To the Editor:
Calling out hypocrisy should never be done lightly. It’s a claim that elicits strong emotions, which often fade slowly with time. However, if one should be so passive and so restrained as to censor oneself from such observations, they end up serving a hypocrite’s agenda.
And therein lies the problem.
An honest opinion that seems to defy the Golden Rule can put your friends in a funk. We’re talking about local people who cross paths as members of the same community. That’s especially true when you have kids, and you see them at your son’s karate class or your daughter’s soccer game. So, how often can you be willing to give someone the benefit of the doubt? How often can you overlook a candidate’s aversion to facing past decisions when they’re unpopular? How often can you forgive a candidate for being in favor of something before an election, then oppose it as a political candidate? Even worse, how can you reconcile that person's self-promotion as a champion for fighting the thing he or she once supported?
Well, here we are, watching those scenarios play out as we head toward an election. We see contradictions that are hard to ignore. For example, Republican council president Matthew Moench has voted in favor of the Center of Excellence, a large scale development at the former Sanofi plant. Now, under the “Right for Bridgewater” banner, mayoral candidate Moench has declared himself part of “the ONLY team that will fight overdevelopment.”
We’ve watched Moench and the town council put the cart before the horse, as traffic studies are still being discussed more than three years after his 2016 vote to approve the COE. Is this the behavior of someone who is genuinely concerned about the effects on Bridgewater residents? How about transparency?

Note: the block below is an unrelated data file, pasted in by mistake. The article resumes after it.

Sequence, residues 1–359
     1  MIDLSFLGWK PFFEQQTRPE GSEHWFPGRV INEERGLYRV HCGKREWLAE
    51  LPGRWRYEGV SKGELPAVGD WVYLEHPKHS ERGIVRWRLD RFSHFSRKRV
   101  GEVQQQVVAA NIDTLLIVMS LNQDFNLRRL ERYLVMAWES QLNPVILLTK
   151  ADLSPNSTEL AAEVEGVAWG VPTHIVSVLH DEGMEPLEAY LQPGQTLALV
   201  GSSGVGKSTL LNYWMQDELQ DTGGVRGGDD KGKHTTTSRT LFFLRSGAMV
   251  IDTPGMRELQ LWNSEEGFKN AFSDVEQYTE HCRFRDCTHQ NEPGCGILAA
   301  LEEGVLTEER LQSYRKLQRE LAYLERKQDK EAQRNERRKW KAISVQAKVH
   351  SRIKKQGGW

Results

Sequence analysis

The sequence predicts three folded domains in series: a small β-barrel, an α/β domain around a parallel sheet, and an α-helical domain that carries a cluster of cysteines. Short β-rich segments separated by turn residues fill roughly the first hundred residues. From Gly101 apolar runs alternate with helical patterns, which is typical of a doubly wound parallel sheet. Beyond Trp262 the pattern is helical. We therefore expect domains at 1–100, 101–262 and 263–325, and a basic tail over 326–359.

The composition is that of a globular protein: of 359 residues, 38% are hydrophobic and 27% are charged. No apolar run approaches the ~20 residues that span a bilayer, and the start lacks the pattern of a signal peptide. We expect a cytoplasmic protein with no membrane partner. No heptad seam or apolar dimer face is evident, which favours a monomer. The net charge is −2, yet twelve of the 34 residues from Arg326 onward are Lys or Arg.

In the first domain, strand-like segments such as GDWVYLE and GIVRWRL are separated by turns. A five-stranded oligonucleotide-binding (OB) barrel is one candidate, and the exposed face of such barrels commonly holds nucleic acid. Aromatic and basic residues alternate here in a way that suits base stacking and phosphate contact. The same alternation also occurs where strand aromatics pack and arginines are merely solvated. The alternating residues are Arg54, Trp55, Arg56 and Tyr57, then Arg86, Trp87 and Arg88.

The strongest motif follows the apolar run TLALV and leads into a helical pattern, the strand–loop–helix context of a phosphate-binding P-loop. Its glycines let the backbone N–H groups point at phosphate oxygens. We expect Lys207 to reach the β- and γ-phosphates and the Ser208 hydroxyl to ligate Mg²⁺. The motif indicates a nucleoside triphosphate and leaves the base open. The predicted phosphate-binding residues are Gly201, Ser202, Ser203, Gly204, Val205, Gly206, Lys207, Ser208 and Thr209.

For years, people have asked that council meetings be broadcast, recorded and made publicly available. The earliest public record of this shows resident Bill Metz making the request in 2014. Democratic mayoral candidate Jeffrey Brookner, with Patti Selikoff and John Arcoleo running as candidates for town council, began recording meetings on their YouTube channel in July 2019. They’ve made public statements calling for transparency as a key campaign promise.
On Oct. 3, Timothy Ring, a Republican candidate for town council, finally brought it up at a council meeting. It was received with praise by Moench and fellow Republican council members Filipe Pedroso and Howard Norgalis as if it were a new idea. Keep in mind that one of the key slogans for Right for Bridgewater is “Providing Responsive Government for Bridgewater.” It seems that the Right for Bridgewater team sees “responsive” and “timely” as mutually exclusive.
If this were like any other election from our recent past, we’d be resigned to choose between Republicans and Republicans. However, this isn’t like any election. The Democrats have responded to the political contradictions and lack of responsiveness with candidates that will challenge the status quo. They’ve done so with campaign promises that have already come to fruition long before election day, and I find that pretty remarkable.